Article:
inadequate futures

[012 - MLA19 CFP - Ethics in/and the Academy]

March 05, 2018 by alex christie

Katie Dyson and I are putting together a roundtable on ethics in and around the academy. In particular, we're seeking short presentations that address the ethics of our investments in the disciplinary, methodological, pedagogical, and institutional structures of the academy. How might we reimagine the academy? You'll find the full cfp below.

The academy - the porous collective of scholars working in/around higher ed institutions - has become an increasingly public site and subject of political challenge. Broader social movements and cultural reckonings with institutional racism, sexual harassment, and abuse have called on scholars and administrations to interrogate the power structures and institutional hierarchies that sustain intellectual labor and enable or inhibit scholarship. Critiques of disciplinary methods like the recent debates about hermeneutics, surface reading, and postcritique have challenged us to rethink institutional investments in core methodologies and affective attachments to critical practices. Meanwhile, for many, positions within the academy have grown increasingly precarious with widespread adjunctification, volatile job markets, and the de-funding of graduate programs, humanities departments, and education writ large. This is echoed in public distrust in the value of the humanities and the broader vocationalization of higher education.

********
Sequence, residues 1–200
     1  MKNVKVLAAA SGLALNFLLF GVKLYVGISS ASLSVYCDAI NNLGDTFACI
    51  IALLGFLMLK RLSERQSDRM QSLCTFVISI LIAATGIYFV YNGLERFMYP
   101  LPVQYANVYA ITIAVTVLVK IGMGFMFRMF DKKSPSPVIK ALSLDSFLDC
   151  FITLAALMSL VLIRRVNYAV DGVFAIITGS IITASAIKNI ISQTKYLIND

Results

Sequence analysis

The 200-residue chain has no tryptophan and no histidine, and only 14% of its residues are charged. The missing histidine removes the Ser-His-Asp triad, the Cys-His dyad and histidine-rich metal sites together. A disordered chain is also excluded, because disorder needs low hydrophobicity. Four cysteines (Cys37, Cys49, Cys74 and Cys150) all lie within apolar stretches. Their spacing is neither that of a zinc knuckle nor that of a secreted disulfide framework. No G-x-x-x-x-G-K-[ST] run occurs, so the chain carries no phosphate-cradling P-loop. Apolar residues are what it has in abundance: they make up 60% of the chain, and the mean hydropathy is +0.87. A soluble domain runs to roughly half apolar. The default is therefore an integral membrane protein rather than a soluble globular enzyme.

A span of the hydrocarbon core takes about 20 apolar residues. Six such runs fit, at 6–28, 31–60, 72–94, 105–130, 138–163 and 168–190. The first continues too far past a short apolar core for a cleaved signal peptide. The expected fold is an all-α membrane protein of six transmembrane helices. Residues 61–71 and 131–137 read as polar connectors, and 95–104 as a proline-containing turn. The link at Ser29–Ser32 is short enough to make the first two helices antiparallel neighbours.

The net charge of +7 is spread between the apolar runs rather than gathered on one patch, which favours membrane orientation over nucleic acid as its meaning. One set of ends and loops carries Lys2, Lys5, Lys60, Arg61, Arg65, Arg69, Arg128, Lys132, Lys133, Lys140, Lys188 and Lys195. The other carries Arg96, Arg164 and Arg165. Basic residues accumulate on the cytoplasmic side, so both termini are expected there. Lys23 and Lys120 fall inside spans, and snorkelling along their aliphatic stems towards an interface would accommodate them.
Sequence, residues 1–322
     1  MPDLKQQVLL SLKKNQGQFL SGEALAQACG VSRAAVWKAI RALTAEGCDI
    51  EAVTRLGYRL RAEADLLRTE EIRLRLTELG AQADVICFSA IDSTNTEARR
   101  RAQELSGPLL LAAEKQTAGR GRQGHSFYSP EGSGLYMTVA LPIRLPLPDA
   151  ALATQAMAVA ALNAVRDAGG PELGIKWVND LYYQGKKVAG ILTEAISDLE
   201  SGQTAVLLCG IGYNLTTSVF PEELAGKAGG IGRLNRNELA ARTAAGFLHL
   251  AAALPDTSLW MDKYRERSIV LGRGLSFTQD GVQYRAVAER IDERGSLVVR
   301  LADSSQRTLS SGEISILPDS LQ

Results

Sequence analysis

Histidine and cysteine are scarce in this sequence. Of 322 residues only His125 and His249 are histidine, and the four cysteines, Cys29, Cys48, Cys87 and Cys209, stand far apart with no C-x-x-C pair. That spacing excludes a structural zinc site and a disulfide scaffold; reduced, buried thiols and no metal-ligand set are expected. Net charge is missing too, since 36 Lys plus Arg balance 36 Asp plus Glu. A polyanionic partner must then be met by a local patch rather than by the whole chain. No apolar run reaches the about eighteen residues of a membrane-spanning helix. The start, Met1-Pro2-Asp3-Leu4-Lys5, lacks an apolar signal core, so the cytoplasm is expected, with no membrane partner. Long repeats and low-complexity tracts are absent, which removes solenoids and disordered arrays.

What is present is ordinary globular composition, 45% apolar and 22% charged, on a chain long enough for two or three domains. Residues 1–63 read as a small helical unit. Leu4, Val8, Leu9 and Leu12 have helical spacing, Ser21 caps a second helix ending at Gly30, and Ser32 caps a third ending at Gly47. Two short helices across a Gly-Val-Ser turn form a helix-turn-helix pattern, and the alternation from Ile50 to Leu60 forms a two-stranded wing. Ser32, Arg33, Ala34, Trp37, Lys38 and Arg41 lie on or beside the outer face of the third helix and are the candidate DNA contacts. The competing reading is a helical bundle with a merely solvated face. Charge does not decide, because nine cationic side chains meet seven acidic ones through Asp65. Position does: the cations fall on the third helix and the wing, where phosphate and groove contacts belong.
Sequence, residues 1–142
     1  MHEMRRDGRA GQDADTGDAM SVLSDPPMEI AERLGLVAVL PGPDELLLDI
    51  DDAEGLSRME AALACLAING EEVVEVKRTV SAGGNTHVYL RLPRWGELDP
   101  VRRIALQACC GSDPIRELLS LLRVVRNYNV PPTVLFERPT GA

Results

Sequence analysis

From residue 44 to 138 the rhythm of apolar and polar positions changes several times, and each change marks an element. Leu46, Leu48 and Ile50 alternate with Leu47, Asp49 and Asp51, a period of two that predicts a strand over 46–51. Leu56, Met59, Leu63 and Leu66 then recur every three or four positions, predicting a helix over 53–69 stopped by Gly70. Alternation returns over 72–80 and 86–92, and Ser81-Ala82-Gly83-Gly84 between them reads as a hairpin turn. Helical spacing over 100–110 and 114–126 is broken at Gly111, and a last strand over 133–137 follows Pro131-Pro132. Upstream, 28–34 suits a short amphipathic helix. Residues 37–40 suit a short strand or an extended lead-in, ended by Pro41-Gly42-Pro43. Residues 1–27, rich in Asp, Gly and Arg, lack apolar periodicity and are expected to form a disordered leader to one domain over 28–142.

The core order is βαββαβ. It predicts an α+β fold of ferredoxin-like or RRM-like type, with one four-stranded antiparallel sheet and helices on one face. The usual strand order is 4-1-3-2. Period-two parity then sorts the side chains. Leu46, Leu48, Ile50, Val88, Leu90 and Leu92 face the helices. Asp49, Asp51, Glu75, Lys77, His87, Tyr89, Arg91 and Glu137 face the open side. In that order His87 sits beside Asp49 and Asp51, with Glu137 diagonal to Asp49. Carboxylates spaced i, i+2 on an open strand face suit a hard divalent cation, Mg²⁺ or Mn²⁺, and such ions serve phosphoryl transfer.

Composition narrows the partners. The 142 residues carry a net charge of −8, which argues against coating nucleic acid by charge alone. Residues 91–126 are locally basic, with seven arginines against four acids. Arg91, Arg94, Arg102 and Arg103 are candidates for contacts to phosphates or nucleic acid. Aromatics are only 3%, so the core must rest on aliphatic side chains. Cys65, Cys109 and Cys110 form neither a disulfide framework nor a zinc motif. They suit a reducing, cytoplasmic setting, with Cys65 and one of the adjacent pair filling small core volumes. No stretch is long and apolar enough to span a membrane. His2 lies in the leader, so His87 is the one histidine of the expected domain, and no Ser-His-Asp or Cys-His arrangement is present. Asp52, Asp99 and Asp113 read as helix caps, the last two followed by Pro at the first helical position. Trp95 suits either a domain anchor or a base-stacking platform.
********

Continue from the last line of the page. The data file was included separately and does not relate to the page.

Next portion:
How might these problems become sites of possibility; an opportunity to reimagine or remake the academy? Following Kathleen Fitzpatrick, how might we think of these critiques and interventions as provocations to think more generously about the collective capacity and transformative potential of our work as scholars within and beyond the academy? How can we cultivate spaces, methods, and pedagogies that grapple with rather than reproduce the limitations or power structures of the academy?

This roundtable invites papers that explore the ethics of the relationships and practices that make up the academy, our orientations towards and attachments to our objects of study, and our ability to enact change within and beyond the academy’s walls. Topics may include (but are not limited to):

  • Ethics in/and pedagogy:

    • What practices, assignments, and strategies help build more equitable classrooms?
    • How can our pedagogies be more responsive to the current political landscape?
  • Ethics in/and practice:

    • What ethical dynamics are (re)produced in our methods and practices? How might we orient them otherwise?
    • What kinds of affects are bound up in our methods and practices? What might different affective attachments make possible?
  • Ethics in/and precarity:

    • How can we cultivate more humane working and learning conditions for both students and instructors?
    • How can we build community within and beyond the classroom and the institution?

Please send ~250 word abstracts to Alex Christie ( and Katie Dyson ( by March 15th.